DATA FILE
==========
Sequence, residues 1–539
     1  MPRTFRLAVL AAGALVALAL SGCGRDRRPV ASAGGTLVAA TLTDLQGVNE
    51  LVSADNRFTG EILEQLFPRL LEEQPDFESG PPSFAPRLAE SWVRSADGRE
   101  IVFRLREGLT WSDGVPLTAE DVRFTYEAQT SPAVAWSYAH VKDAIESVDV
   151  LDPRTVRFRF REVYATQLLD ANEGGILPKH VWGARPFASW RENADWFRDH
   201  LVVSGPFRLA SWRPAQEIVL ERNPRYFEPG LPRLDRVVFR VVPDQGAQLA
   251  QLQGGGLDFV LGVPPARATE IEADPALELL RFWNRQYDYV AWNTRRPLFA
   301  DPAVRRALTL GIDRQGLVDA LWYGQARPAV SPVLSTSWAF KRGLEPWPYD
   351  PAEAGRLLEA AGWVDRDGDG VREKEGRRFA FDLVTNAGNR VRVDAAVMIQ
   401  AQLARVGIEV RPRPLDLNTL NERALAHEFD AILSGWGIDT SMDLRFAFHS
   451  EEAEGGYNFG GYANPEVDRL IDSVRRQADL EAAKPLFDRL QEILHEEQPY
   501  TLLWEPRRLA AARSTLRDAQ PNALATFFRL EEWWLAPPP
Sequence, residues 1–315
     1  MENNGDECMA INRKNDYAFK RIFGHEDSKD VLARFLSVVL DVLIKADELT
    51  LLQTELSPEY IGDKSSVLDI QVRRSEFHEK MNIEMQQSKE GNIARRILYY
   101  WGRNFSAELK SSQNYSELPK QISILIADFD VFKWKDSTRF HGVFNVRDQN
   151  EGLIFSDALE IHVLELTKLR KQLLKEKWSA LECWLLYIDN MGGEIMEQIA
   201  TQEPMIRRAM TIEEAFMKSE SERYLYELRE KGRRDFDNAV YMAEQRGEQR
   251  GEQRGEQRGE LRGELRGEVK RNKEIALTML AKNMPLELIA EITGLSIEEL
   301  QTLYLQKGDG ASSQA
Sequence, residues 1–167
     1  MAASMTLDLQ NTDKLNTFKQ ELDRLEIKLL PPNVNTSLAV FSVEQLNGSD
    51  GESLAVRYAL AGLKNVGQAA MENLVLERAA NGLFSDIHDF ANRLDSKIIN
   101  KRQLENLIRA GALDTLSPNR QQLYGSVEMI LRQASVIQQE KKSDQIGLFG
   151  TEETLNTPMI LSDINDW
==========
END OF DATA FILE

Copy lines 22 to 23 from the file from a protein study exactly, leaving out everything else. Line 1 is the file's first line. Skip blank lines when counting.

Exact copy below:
     1  MAASMTLDLQ NTDKLNTFKQ ELDRLEIKLL PPNVNTSLAV FSVEQLNGSD
    51  GESLAVRYAL AGLKNVGQAA MENLVLERAA NGLFSDIHDF ANRLDSKIIN